Banning e-mails outside of work – helpful or harmful?

Back To Latest News

There are obvious rewards to switching-off after a shift. Employees who leave their work at the office front-door are arguably less likely to suffer from stress, emotional burnout and sleep problems, than they would if their work iPhone was routinely at hand. Similarly, being free of replying to colleagues and clients in the evening allows us to spend more time with friends and family, and to focus on our passions and hobbies.

It’s also no secret that offering TLC to our mental and physical health, outside of our daily grind, increases well-being and productivity at work. According to the Mental Health Foundation, work-related stress costs the UK economy 10.4 million working days per year – and that’s without considering the human cost.

Prominent businesses who have taken action to improve employee well-being include:

  • Volkswagen who set its servers so that emails could only be sent to employees’ phones from 30 minutes before the working day begins, to 30 minutes after it ends (and not at all during weekends)
  • Lidl who banned all internal email traffic between 6pm and 7am in Belgium
  • Daimler who implemented a policy that prevents employees from accessing work e-mails during holidays.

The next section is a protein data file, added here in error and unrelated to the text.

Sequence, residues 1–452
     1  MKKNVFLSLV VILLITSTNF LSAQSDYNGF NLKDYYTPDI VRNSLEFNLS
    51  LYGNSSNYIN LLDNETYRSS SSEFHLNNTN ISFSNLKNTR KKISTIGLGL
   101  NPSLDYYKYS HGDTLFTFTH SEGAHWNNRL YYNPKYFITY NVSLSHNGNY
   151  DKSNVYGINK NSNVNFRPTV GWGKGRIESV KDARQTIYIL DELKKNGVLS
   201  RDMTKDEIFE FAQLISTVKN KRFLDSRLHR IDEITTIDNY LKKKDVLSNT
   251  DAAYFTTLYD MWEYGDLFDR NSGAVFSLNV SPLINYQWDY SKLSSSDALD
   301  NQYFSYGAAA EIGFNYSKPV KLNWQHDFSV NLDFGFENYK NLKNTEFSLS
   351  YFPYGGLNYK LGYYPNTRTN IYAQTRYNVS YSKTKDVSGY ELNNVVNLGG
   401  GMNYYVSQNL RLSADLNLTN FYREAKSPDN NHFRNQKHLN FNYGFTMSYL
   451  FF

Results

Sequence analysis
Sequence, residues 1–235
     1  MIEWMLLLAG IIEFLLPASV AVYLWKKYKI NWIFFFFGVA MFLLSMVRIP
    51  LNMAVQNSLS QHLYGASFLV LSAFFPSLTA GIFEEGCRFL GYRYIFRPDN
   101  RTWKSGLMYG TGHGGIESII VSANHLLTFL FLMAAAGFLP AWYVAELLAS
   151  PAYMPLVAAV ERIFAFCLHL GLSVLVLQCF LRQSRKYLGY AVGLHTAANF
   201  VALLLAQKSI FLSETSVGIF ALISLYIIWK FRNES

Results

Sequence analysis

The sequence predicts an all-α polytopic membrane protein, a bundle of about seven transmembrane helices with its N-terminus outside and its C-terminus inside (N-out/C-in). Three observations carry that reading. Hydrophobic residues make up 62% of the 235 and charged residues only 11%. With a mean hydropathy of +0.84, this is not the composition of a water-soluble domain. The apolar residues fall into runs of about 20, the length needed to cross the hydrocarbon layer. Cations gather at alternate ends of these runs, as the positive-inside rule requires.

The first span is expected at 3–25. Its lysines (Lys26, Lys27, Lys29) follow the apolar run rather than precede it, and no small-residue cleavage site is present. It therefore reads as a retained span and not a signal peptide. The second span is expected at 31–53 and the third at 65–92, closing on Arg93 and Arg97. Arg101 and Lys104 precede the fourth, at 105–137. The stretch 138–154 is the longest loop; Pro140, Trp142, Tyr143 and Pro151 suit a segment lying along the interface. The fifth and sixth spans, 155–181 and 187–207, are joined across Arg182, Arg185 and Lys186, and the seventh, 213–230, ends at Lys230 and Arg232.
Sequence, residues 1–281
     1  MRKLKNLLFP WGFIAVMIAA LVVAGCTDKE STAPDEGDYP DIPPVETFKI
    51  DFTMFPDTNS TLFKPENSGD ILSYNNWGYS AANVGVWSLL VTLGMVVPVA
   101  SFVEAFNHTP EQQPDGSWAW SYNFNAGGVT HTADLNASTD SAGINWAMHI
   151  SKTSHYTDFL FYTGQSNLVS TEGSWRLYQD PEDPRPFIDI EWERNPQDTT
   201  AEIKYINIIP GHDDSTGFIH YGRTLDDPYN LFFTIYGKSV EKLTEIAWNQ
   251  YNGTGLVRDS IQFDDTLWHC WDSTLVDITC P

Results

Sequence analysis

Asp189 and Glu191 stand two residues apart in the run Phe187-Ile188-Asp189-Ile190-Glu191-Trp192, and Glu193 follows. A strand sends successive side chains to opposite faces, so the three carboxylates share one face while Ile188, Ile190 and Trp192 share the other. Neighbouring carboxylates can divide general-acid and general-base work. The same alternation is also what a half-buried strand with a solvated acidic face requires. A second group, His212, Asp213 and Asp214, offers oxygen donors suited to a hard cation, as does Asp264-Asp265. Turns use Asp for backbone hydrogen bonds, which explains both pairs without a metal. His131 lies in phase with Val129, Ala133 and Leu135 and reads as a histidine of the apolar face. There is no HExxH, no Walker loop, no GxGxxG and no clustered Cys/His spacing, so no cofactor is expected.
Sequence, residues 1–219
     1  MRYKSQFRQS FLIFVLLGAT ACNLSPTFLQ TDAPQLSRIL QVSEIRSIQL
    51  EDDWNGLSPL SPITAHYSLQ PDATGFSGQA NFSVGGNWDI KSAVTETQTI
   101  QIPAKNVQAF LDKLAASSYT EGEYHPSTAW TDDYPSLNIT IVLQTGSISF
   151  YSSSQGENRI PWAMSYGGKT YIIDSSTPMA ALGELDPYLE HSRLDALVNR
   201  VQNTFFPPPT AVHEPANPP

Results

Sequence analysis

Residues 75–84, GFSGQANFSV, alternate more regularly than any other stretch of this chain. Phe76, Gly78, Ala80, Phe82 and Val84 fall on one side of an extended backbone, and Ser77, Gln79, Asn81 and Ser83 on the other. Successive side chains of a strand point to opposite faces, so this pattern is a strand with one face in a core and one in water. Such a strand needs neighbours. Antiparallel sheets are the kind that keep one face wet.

It’s clearly a no-brainer, right? Apparently not.

As the BBC reported, a recent study by the University of Sussex found that a ban on out-of-hours e-mails could be counterproductive, and have a damaging effect on employees (despite the employer’s best intentions). It found that a ban could:

  • stop people achieving work goals
  • lead to more stress, and
  • be harmful to those with high levels of anxiety and neuroticism.

The argument is that individuals should be at liberty to check and respond to messages whenever they want or can.

Naturally, different businesses require different practices, and there’s no one-size-fits all solution – some industries, for example, wouldn’t function properly without communication outside of normal contracted hours. Equally, as highlighted by the study, human personalities are diverse – some may only want to focus on their goals and workloads at work, whereas others want a 24/7 freedom to do so.

A happy-medium for many employers is to encourage work-life balance among their workforce, rather than impose an absolute requirement of it. Instead of forcing a blanket-ban, business could instead promote flexible working – for example, by allowing individuals to work flexible hours or to work remotely. Alternatively, bosses could follow the example of local brand agency Cre8ion, who allow staff to take off every other Friday to “do sport, go surfing or read a book all day“.

Whichever stance an employer chooses, it should always have clear policies and procedures in place so that employees know exactly where they stand – and when to switch off.

For more information, please get in touch with Gethin Bennett (g.bennett@capitallaw.co.uk)